7. Tolstova YuN. [One-dimensional scaling: test tradition in sociology]. Sotsiologiya: 4M. 1997;(8):54–65. Russian.
  8. Voytenko VP. [Health of the healthy]. Kyiv: Zdorov’ya; 1991. 248 p. Russian.
  9. Chalmers J, MacMahon S, Mancia G, Whitworth J, Beilin L, Hansson L, et al. World Health Organization-International Society of Hypertension Guidelines for the management of hypertension. Guidelines sub-committee of the World Health Organization, Clin Exp Hypertens, 1999;21(5-6):1009-60. DOI: https://doi.org/10.3109/10641969909061028.
  10. Whelton PK, Carey RM, Aronow WS, Casey DEJr, Collins KJ, Dennison Himmelfarb C, et al. 2017 ACC/AHA/AAPA/ABC/ACPM/AGS/APhA/ASH/ASPC/ NMA/PCNA Guideline for the Prevention, Detection, Evaluation, and Management of High Blood Pressure in Adults : A Report of the American College of Cardiology. American Heart Association Task Force on Clinical Practice Guidelines, J Am CollCardiol. 2018;71(19):e127–248. DOI: https://doi.org/10.1016/j.jacc.2017.11.006.
  11. Trudel X, Brisson C, Milot A, Masse B, Vézina M. Adverse psychosocial work factors, blood pressure and hypertension incidence: repeated exposure in a 5-year prospective cohort study. J Epidemiol Community Health. 2016;70(4):402-8. DOI: https://doi.org/10.1136/jech-2014-204914.
  12. Thiese MS, Hanowski RJ, Moffitt G, Kales SN, Porter RJ, Ronna B, Hartenbaum N, Hegmann KT. A retrospective analysis of cardiometabolic health in a large cohort of truck drivers compared to the American working population. Am J Ind Med. 2018;61(2):103-10. DOI: https://doi.org/10.1002/ajim.22795.
  13. Lalla-Edward ST, Fischer AE, Venter WDF, Scheuermaier K, Meel R, Hankins C, Gomez G, Klipstein-Grobusch K, Draaijer M, Vos AG. Cross-sectional study of the health of southern African truck drivers. BMJ Open. 2019;9(10):e032025. DOI: https://doi.org/10.1136/bmjopen-2019-032025.
  14. Kaneko S. [Mental health survey of truck drivers] Nihon EiseigakuZasshi. 2014;69(3):199-204. DOI: https://doi.org/10.1265/jjh.69.199. Japanese.
  15. Faruque MO, Framke E, Sørensen JK, Madsen IEH, Rugulies R, Vonk JM, Boezen HM, Bültmann U. Psychosocial work factors and blood pressure among 63 800 employees from The Netherlands in the Lifelines Cohort Study. J Epidemiol Community Health. 2022;76(1):60-6. DOI: https://doi.org/10.1136/jech-2021-216678.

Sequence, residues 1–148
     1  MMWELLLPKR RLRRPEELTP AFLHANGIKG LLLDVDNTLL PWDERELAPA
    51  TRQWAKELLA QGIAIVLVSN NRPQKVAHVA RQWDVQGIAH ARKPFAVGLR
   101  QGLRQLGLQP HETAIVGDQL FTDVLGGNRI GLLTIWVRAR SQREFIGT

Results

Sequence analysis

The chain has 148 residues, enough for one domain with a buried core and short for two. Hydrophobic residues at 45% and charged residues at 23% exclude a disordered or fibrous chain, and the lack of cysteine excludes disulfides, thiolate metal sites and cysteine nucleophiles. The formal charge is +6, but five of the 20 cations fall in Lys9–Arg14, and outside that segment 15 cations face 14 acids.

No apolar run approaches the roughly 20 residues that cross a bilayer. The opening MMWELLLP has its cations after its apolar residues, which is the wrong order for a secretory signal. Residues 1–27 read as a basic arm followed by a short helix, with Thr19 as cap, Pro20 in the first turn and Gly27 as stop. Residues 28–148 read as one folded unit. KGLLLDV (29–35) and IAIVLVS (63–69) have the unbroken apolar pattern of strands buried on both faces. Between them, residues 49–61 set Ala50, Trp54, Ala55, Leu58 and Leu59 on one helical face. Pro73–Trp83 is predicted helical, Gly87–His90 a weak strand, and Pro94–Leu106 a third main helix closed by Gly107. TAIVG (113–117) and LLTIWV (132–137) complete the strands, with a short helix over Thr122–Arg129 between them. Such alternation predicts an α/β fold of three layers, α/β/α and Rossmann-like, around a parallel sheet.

16. Landsbergis PA, Dobson M, Koutsouras G, Schnall P. Job strain and ambulatory blood pressure: a meta-analysis and systematic review. Am J Public Health. 2013;103(3):e61-71. DOI: https://doi.org/10.2105/AJPH.2012.301153.
  17. Wong R, Crane A, Sheth J, Mayrovitz HN. Shift Work as a Cardiovascular Disease Risk Factor: A Narrative Review. Cureus. 2023;15(6):e41186. DOI: https://doi.org/10.7759/cureus.41186.
  18. Chernozemov VG, Afanasenkova NV, Varentsova IA. [Methods of physiological research in humans]. Arkhangel'sk, 2017. 159 p. Russian.
  19. Clapp JD, Olsen SA, Beck JG, Palyo SA, Grant DMM, Gudmundsdottir B, Marques L. The Driving Behavior Survey: scale construction and validation. J Anxiety Disord. 2011;25(1):96-105. DOI: https://doi.org/10.1016/j.janxdis.2010.08.008.
  20. Chaput J-P, Dutil C, Featherstone R, Ross R, Giangregorio L, Saunders TJ, Janssen I, Poitras VJ, Kho ME, Ross-White A, Carrier J. Sleep duration and health in adults: an overview of systematic reviews. Appl Physiol Nutr Metab. 2020;45(10 Suppl 2):S218-S231. DOI: https://doi.org/10.1139/apnm-2020-0034.
  21. Akerstedt T, Nilsson PM. Sleep as restitution: an introduction. J. Int. Med. 2003;254(1):6–12. DOI: https://doi.org/10.1046/j.1365-2796.2003.01195.x.
  22. Owens J. Adolescent Sleep Working Group; Committee on Adolescence. Insufficient sleep in adolescents and young adults: an update on causes and consequences. Pediatrics. 2014;134(3):e921-e932. DOI: https://doi.org/10.1542/peds.2014-1696.
  23. Denison HJ, Jameson KA, Sayer AA, Patel HP, Edwards MH, Arora T, Dennison EM, Cooper C, Baird J. Poor sleep quality and physical performance in older adults. Sleep Health. 2021;7(2):205-11. DOI: https://doi.org/10.1016/j.sleh.2020.10.002.
  24. Clement-Carbonell V, Portilla-Tamarit I, Rubio-Aparicio M, Madrid-Valero JJ. Sleep Quality, Mental and Physical Health: A Differential Relationship. Int J Environ Res Public Health. 2021;18(2):460. DOI: https://doi.org/10.3390/ijerph18020460.